Please click here to explore Liza's works, and read more about her below.

Liza Sobel’s compositions are often influenced by current social issues. Recent inspirations include anxiety and stress in today’s society, the negative impact of social media and its links to depression and suicide, sexual assault, neurodiversity, and other health issues, including the current Covid-19 pandemic.

Liza’s music has been performed in numerous worldwide venues, including at Carnegie Hall, Le Poisson Rouge, Symphony Space, Bang on a Can, the Aspen Music Festival, Eighth Blackbird's Creative Lab, Aldeburgh Britten-Pears Young Artist Programme, the Young Composers Meeting in Apeldoorn, Brevard Music Institute, Bowdoin’s International Music Festival, and nief-norf Summer Festival. Performers that have played her music include: the Orchestra of St. Luke's, the Minnesota Orchestra, Ensemble Dal Niente, Spektral String Quartet, Cygnus Ensemble, Third Coast Percussion, Nouveau Classical Project, Ekmeles Vocal Ensemble, orkest de ereprijs, West Point Woodwind Quintet, and Joseph Lin, first violinist of the Juilliard String Quartet. Current commissions include: a chamber opera for the Zafa Collective (in which Liza will sing) and a new orchestral work for the New York Youth Symphony to be performed at Carnegie Hall.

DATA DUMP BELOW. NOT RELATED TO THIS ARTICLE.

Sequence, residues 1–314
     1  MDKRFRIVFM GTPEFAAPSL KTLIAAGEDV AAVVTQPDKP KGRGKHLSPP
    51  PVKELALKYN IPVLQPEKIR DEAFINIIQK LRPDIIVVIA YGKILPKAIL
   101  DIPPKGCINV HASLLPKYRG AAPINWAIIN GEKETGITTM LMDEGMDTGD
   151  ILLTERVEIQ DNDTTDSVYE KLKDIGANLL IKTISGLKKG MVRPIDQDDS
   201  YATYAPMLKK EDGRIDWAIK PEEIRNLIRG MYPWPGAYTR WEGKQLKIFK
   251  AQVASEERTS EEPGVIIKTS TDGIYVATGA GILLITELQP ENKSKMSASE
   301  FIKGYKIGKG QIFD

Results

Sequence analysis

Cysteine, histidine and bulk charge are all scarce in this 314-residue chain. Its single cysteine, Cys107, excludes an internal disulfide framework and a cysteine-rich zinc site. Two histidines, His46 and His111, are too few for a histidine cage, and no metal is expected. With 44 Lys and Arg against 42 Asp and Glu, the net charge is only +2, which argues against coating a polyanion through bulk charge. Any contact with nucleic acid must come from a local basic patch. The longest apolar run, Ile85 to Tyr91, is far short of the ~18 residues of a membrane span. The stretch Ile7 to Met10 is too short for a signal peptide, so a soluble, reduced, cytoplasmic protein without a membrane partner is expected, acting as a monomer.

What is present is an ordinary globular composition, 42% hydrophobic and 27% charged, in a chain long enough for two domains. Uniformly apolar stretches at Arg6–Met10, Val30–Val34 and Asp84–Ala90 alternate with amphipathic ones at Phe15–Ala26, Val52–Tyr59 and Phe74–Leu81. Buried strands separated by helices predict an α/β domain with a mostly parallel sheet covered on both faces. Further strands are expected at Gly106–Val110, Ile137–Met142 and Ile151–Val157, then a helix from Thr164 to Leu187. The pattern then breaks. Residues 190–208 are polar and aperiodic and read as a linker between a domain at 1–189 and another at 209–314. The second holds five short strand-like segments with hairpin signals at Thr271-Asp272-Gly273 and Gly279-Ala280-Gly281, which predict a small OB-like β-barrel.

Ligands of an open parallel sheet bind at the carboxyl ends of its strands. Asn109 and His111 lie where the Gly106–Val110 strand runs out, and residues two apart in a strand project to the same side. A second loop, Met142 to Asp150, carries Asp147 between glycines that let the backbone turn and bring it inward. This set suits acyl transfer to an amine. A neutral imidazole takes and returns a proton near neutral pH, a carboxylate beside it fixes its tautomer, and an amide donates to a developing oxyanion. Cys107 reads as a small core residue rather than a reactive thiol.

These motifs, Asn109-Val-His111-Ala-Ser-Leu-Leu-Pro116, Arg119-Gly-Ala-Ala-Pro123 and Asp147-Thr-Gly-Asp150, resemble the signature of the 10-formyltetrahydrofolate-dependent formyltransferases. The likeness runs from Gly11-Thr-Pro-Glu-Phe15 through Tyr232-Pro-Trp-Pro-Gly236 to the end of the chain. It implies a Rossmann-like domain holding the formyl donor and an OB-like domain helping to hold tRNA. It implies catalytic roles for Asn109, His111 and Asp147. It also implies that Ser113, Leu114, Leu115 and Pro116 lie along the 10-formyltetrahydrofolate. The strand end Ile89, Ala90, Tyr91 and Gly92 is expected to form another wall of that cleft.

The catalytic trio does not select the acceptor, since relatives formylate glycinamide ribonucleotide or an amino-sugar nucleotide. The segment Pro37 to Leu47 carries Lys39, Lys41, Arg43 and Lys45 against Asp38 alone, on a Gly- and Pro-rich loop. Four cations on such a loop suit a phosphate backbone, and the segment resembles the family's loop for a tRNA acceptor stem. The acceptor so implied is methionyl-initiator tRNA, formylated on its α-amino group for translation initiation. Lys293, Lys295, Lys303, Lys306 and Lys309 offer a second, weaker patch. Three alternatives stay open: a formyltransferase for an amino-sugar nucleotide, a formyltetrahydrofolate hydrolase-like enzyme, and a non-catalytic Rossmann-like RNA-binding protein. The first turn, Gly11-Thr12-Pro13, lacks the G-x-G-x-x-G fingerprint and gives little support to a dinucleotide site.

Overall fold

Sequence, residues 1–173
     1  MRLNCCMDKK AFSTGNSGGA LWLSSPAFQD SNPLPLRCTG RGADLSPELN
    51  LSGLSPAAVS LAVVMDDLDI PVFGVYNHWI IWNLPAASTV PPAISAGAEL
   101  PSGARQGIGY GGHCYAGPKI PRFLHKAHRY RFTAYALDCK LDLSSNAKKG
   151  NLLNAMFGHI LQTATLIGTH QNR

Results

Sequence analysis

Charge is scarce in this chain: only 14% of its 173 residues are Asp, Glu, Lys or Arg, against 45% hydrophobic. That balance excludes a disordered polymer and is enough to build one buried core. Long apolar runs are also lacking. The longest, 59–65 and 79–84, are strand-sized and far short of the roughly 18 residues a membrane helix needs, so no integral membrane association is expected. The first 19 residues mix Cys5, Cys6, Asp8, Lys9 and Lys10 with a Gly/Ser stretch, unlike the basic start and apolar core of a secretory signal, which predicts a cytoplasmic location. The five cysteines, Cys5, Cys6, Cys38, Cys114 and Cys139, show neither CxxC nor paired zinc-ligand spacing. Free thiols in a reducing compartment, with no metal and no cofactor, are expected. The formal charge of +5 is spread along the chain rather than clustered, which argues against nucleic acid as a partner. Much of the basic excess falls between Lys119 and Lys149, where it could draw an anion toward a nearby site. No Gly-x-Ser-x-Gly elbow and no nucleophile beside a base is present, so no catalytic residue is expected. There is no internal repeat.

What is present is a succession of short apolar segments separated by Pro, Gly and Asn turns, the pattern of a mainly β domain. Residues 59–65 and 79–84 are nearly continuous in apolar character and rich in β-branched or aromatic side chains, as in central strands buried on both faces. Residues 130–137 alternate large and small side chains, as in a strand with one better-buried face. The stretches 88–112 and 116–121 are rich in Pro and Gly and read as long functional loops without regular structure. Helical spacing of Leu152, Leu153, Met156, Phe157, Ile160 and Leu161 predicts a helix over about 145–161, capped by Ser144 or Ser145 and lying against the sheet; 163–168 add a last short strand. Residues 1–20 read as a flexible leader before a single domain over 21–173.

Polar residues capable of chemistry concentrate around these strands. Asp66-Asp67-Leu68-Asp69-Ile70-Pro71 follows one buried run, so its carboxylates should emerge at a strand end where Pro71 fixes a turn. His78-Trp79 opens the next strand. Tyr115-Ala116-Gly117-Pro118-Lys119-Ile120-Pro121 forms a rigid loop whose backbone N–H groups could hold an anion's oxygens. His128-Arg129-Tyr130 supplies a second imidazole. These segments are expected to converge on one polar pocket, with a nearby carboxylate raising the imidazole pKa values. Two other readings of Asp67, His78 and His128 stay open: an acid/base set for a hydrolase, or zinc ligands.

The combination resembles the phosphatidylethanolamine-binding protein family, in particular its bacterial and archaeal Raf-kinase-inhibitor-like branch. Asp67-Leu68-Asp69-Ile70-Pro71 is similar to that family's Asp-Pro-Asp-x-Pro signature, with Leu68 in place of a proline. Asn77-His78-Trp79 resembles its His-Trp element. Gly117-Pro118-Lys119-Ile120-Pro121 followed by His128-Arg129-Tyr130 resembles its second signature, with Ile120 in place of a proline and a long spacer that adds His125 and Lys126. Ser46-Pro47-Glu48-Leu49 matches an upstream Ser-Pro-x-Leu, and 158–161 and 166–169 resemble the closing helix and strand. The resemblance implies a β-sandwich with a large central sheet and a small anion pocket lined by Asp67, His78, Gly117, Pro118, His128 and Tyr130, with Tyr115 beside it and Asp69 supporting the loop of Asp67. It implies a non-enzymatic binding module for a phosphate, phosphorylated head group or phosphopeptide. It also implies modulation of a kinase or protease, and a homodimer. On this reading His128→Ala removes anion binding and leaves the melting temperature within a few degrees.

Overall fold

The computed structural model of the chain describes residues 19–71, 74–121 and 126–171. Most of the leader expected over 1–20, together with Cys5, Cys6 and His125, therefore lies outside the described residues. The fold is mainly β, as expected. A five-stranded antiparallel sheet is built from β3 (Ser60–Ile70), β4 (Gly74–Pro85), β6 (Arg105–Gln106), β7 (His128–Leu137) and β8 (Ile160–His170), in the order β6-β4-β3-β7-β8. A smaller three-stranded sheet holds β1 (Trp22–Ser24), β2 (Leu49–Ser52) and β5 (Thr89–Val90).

Liza’s most recent piece, Reverse Forward, was commissioned by the Civic Orchestra of Chicago’s 100th anniversary virtual concert. The original concert was canceled as a result of the Covid-19 pandemic, and seven composers were commissioned to create new pieces both inspired by the pandemic and the Civic Orchestra’s originally scheduled performance of Tchaikovsky’s Symphony No. 5. Her Ticking Time Bomb was selected for the 2020 Minnesota Orchestra Composer Institute.  Her Requiem won the American Prize in the choral division and was a finalist in the BMI Young Composers Award. Liza's orchestra piece Tocsin was a finalist in the ASCAP Morton Gould Young Composers’ Award.  Liza was a Fulbright scholar to the UK.

Liza is a doctoral candidate in composition at Northwestern University.  She teaches a broad spectrum of music courses at Northwestern, including Music Theory, Aural Skills, History of the Symphony, Introduction to Music for non-majors, and Composition for non-majors. She previously studied at Rutgers University’s Mason Gross Conservatory (MA); Cornell University (BA with honors), and Manhattan School of Music.

Photo by David Adamcyk

Honorable Mention


by Zosha Di Castri